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League of Women Voters not allowed to testify on elections security
Legislative watchdogs concerned with transparency of hearings
Approximately 45 people attended a program on Monday at the Front Door facility in Great Bend, where the Barton County Chapter of Women for Kansas hosted Clay Wirestone, opinion editor of the Kansas Reflector. One man came from as far away as Salina to learn more about the nonprofit news organization. - photo by photos by Susan Thacker/Great Bend Tribune
Pam Martin from the Barton County Chapter of Women For Kansas greets Clay Wirestone, opinion editor of the Kansas Reflector, at a program on Monday in Great Bend.

Transparency in government is an issue in Kansas and the problem can be illustrated by the upcoming hearings at the statehouse on election security, according to Janice Walker, president of the Barton County chapter of the League of Women Voters Kansas (LWVK).

During a program Monday in Great Bend featuring Clay Wirestone, opinion editor of the Kansas Reflector, Walker took a few minutes to talk about hearings set for next week in Topeka before the Kansas Legislature.

Wirestone indicated they were on the same page.

“Everyone needs to pay attention to this,” he told the audience of about 45 people that filled a meeting room at the Front Door facility. “This is wild.”

On Sept. 28-29, the Kansas Legislature will have a two-day hearing on elections, Walker said. “Our election process is being reviewed. Even though there’s no evidence of fraud, the integrity of our election process, I think, is being questioned. People who are reporting on it are from out-of-state groups. One is the Liberty Lions League ...”

Another group involved is the Foundation for Government Accountability, Wirestone said.

“We (the League of Women Voters) have submitted testimony, written testimony, (because) there was no room for any face-to-face,” Walker said. “It was all taken up. Written testimony had to be submitted by 5 o’clock on Sept. 11, even though the hearings don’t even start until Sept. 28. It’s kind of like they just set it up the way they wanted to set it up, and they don’t want to hear from people.”

“They don’t; you’re right,” Wirestone said. “This is a really important thing to understand when you look at how transparency or lack of transparency works in the Kansas statehouse. It’s not about whether people can speak, it’s about who speaks and how much and who’s given the platform and who’s given the time and who’s given the notice.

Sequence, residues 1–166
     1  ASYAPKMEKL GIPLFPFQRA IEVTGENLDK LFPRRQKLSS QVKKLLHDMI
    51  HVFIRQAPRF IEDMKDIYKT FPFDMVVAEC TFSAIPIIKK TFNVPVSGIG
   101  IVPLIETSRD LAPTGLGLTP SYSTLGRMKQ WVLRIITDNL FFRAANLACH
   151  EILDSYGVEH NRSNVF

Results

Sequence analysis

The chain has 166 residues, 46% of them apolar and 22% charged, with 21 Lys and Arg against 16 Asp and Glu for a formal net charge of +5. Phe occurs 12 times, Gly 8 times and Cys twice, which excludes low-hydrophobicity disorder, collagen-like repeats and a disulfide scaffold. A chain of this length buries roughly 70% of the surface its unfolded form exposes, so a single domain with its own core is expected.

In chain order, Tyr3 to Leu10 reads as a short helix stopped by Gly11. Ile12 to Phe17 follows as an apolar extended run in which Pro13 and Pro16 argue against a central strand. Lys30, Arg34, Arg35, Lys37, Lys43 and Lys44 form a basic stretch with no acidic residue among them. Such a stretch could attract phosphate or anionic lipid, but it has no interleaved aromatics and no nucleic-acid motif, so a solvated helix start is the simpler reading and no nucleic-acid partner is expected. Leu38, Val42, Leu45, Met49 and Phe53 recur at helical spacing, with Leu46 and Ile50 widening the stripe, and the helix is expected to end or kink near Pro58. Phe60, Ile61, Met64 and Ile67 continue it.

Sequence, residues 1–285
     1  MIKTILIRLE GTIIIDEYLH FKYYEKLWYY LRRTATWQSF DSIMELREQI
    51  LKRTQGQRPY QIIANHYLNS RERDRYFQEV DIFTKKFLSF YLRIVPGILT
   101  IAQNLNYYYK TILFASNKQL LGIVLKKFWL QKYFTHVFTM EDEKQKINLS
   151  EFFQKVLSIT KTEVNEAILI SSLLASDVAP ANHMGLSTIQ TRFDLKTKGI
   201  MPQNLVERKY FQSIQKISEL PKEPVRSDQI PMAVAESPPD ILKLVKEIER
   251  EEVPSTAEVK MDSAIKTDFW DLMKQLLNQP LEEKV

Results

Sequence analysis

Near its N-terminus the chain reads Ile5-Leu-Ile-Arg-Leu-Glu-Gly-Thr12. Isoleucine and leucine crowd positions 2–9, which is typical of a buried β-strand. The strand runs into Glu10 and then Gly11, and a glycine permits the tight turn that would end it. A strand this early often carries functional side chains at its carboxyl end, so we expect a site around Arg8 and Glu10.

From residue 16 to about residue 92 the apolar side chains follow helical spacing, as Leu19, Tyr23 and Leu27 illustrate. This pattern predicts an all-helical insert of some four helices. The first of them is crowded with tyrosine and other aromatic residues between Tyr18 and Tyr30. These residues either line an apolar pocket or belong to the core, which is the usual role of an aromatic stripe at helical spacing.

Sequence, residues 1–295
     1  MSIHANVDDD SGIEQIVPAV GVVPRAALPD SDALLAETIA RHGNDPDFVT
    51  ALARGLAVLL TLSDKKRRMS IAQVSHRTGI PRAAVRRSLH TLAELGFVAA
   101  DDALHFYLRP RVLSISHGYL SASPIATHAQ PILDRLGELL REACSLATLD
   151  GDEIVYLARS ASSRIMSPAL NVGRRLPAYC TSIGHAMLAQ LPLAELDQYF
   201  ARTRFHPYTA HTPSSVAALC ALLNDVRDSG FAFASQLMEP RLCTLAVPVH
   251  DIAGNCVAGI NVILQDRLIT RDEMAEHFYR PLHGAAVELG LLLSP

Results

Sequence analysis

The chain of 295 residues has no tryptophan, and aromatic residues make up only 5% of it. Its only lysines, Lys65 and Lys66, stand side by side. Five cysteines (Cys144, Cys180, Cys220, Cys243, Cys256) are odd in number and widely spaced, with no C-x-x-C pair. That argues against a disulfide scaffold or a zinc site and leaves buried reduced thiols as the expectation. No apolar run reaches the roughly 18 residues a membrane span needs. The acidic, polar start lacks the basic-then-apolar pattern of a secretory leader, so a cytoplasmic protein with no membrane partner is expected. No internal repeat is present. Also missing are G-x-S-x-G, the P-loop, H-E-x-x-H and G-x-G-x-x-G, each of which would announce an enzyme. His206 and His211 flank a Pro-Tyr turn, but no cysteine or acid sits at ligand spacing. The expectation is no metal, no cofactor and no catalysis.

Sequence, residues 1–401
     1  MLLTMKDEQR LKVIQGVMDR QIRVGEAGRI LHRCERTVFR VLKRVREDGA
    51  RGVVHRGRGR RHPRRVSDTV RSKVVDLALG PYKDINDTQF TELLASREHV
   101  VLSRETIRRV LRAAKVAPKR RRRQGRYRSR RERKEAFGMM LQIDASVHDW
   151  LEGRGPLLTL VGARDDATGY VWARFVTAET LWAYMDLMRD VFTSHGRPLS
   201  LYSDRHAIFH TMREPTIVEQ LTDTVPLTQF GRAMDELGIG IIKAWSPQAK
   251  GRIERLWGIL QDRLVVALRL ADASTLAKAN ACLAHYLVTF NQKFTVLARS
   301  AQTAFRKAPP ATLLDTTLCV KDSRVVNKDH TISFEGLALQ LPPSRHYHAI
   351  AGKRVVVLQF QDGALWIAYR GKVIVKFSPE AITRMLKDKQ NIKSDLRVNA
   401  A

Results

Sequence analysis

“But it’s really symptomatic of a larger issue, which is the way hearings are often happening in the statehouse,” Wirestone said.

“In an actual bill hearing, there are certain limits and restrictions on how you’re supposed to handle testimony,” he noted. “But if it’s an informational hearing, it can essentially be set up however the lawmakers want. So what they would do in the last session is set up informational hearings on subjects and then have their handpicked people show up and testify, and then move for emergency action on a bill after the informational hearing. So in other words, cutting off the ability of people to even show up in some cases or to testify at all.”

Before joining the Kansas Reflector, Wirestone worked in the nonprofit advocacy sector with Kansas Action for Children. “So I know a lot of people in that space,” he said. “The stories that I could tell you  – about, ‘Oh, the deadline has passed to submit the written testimony.’ ‘Oh, we don’t have time for you to show up in person to talk to the committee.’ All of this stuff, because these committee hearings – which are traditionally supposed to be (so lawmakers can) learn about an issue globally – they are dog and pony shows. They are set up by members with a partisan agenda to show a very particular narrative.”

He suspects that is what is happening with the election hearings, but in this case the public has been alerted. “The alarms are going off that this is going to happen.”

For example, the Wichita Eagle  and the Kansas City Star have now published opinion pieces on the hearings, saying they give credence to debunked claims that the 2020 election was “stolen.”

“I expect that people will write good stories about it,” Wirestone said. “The problem is, you can write stories saying that people are believing things that aren’t true. But in writing those stories, you do say the things that are not true – and it’s hard to avoid that.” 

On the agenda

On Tuesday, in a follow-up with the Great Bend Tribune, Walker provided the following information from Cille King, LWVK advocacy chair:

“We are concerned about the Special Committee on Elections hearings Thursday and Friday, Sept. 28-29. In addition to the usual reports from Legislative Research, Post Audit, Revisor’s Office, Secretary of State’s attorney, and a former legislator, Chair Mike Thomson has filled both days’ agenda with testimony from two groups; the Foundation for Government Accountability ( and Liberty Lions League, which previously testified before the Kansas Legislature in 2022.”

Expressing concern about “the lack of public opportunity to address the committee with other viewpoints,” King told members the committee will hear about election laws, voter registration and legal issues, election security, voter roll maintenance, advance voting, advance ballot deadlines, the three-day grace period for mail ballots, voting machine integrity/software-security, and remote ballot drop boxes and ballot harvesting.

She urged members to look online at, an official website of the U.S. government and Department of Homeland Security. This web page “refutes election rumors with reality checks,” she said. “Some of the rumors addressed by the CISA link are on the agenda for the Special Committee on Elections: Voting machine integrity, voting machine software and security, and remote ballot drop boxes/ballot harvesting.”